Millennials have copped their fair share of grief over the last while; the most famous insult coming from a disgruntled millionaire who decided that they were failing to buy homes due to their predilection for avocado on toast. Thankfully, discussions have become more nuanced since then.
After a terrible spate of anti-millennial propaganda from a cohort of boomers, we’ve been seeing plenty of positive news coming out about millennials' financial habits. But there are, nonetheless, still things that anyone within the famed group can do better. To try to understand the financial plights and flights of the most discussed generation of the last decade, we decided to speak to one.
Meet Kieran, a 30-year-old public researcher.
When we speak of millennials, they couldn’t come a lot more so than Kieran. At 30 years old, he’s smack bang in the middle of the age group, loves going out for a drink with friends, and just minted his first major house purchase with his partner in Auckland.
Travelling and investing aren’t mutually exclusive
Five years ago if you asked Kieran about buying a house he might have laughed out loud.
Making $60,000 a year, Kieran was flying by the seat of his pants. As far as he was concerned, he was making just enough to cover the basics — savings were destined for his main passion.
“All my money when I was younger went towards travel, which I don’t regret,” said Kieran.
Even a little bit?
“It’s difficult to think of it that way. Travel is an important part of growing up and exploring the world. Investments weren’t at all on my radar; I thought that stuff was only for wealthy people”
Hindsight is, as they say, 20:20. If he could wind the clock back, Kieran realises that there were some small savings that could have been shovelled into the investment department.
“I wish that between trips I had put some of it away towards savings or investments. If you start earlier setting aside money it can really build up.”
Today, making $100,000 a year, Kieran has the breathing room to take a more holistic view of his finances.
“Recently I started looking into shares and managed funds. It’s really in the last couple of years I felt comfortable enough”
He’s realised that by putting away 10% of his income toward a diverse investment portfolio, it’s a powerful way to gain long term wealth.
KiwiSaver saves the day
As Kieran admits, he wasn't the best saver five years ago. So thank his lucky stars that he became a KiwiSaver member at 18 years old.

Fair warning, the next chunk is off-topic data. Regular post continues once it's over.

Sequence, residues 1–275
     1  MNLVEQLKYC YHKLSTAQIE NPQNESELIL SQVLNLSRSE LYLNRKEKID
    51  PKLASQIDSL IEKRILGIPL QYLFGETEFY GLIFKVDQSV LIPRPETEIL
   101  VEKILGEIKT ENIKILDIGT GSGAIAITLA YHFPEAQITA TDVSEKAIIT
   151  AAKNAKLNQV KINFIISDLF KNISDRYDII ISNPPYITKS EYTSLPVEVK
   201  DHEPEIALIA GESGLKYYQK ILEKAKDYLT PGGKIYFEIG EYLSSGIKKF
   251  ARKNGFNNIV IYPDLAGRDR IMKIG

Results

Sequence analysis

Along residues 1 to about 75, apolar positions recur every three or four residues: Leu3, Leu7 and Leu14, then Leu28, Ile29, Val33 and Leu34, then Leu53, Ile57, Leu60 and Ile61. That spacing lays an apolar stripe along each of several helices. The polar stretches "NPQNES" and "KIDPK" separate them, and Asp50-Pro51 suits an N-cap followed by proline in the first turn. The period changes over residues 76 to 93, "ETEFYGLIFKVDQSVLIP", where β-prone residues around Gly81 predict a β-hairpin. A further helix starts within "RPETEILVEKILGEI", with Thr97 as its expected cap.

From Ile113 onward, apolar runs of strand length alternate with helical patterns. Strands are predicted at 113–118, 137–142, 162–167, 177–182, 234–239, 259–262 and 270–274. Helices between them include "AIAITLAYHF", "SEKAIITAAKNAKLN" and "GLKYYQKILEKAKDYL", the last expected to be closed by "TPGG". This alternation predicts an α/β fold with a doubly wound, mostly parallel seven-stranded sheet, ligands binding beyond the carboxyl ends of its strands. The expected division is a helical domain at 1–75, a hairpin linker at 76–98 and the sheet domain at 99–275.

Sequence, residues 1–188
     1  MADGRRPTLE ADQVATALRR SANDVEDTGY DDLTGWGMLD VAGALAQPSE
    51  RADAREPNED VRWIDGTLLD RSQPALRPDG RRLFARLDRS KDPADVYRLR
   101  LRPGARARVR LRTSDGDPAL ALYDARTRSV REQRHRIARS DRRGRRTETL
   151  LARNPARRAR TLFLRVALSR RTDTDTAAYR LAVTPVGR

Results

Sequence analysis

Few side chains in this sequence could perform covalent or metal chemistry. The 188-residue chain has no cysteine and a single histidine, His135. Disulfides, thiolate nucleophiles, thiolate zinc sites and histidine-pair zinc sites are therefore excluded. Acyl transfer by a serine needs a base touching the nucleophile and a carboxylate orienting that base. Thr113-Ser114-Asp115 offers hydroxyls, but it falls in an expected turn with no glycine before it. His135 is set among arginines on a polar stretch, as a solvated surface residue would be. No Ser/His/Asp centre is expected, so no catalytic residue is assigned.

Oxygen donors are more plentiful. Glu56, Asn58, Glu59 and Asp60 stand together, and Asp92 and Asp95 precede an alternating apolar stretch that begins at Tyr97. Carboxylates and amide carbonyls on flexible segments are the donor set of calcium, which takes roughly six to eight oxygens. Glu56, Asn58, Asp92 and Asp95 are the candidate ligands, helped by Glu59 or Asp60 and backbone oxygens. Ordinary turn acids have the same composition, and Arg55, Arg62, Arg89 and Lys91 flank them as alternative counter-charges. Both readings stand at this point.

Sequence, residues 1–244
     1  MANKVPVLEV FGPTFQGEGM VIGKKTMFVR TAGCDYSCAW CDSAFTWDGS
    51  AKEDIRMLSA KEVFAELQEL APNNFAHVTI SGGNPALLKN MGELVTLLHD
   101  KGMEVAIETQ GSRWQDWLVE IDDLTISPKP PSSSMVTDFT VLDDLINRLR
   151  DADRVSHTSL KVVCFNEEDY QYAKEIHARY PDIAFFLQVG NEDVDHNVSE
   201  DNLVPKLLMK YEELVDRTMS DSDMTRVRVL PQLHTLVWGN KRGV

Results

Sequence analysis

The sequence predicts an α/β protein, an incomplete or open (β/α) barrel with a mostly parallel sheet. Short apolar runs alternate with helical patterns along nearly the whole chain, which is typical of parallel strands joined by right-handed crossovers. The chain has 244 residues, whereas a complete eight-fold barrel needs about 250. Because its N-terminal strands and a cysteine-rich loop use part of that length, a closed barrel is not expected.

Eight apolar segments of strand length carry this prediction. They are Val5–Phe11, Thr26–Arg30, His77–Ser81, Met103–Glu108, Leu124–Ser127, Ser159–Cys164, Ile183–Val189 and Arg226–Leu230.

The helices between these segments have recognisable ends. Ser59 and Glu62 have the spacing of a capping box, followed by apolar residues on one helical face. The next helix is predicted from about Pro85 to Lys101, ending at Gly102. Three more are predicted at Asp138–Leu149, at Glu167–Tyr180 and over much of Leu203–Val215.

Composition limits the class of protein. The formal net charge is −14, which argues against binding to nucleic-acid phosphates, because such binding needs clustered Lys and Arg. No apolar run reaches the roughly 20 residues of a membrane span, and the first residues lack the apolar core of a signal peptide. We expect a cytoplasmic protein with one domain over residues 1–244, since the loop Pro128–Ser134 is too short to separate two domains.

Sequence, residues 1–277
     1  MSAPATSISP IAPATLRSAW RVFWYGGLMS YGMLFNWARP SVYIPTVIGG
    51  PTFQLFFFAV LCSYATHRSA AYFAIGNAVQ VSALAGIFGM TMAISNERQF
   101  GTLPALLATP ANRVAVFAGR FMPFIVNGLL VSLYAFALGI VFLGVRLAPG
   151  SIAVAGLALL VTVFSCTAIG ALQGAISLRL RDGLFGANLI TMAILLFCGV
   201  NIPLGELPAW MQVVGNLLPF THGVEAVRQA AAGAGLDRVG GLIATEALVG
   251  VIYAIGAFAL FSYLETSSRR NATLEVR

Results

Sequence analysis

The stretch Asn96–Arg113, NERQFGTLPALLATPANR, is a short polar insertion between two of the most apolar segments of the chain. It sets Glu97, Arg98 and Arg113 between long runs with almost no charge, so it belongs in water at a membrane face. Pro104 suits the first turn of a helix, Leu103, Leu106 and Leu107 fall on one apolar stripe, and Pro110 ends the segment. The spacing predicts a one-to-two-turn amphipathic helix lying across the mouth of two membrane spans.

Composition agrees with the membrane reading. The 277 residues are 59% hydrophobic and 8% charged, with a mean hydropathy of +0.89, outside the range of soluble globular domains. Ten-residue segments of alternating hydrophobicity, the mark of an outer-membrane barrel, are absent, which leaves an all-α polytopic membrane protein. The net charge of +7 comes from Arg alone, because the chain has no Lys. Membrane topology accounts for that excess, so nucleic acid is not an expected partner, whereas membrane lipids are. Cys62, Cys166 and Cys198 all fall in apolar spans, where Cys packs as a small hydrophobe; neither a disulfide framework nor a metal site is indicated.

Over a 12 year period, including minimum wage gigs cleaning pools while he was at uni, he was putting a consistent 3% of his income toward his KiwiSaver balance.
As most readers know by now; it all adds up.
Kieran’s KiwiSaver account joined him on the story arc of his young adulthood, from late teens through to where he is today. It hitched a ride with him on his travels and watched on in horror as he emptied cash reserves into Croatian yachts and maxed out his credit card out at a bed bug-ridden Mongolian hostel.
KiwiSaver money, thankfully, can’t be touched, no matter how much the next trip beckons.
A year ago, Kieran was finally able to reap the rewards of his early good decision making. He emptied out his KiwiSaver balance to buy a freshly built apartment right in Auckland city.
Watching the purchase go through and getting the keys to the new place was enough to push him even further on his KiwiSaver journey.
“One goal ticked off the list, it’s time to think about the next goal which is retirement. I changed the settings of my KiwiSaver plan from a Conservative allocation to Growth as I have much more time and can take more risk.”
The experience has also helped the young millennial to see the broader picture of his financial future. He’s cut the daily lunches in the city and started to take his investments seriously.
“I’m realising you need to do more with your money than just putting it in savings. Recently I have been trying to look into planning a wedding, which started me on the journey to look into how to make my money work better for me.”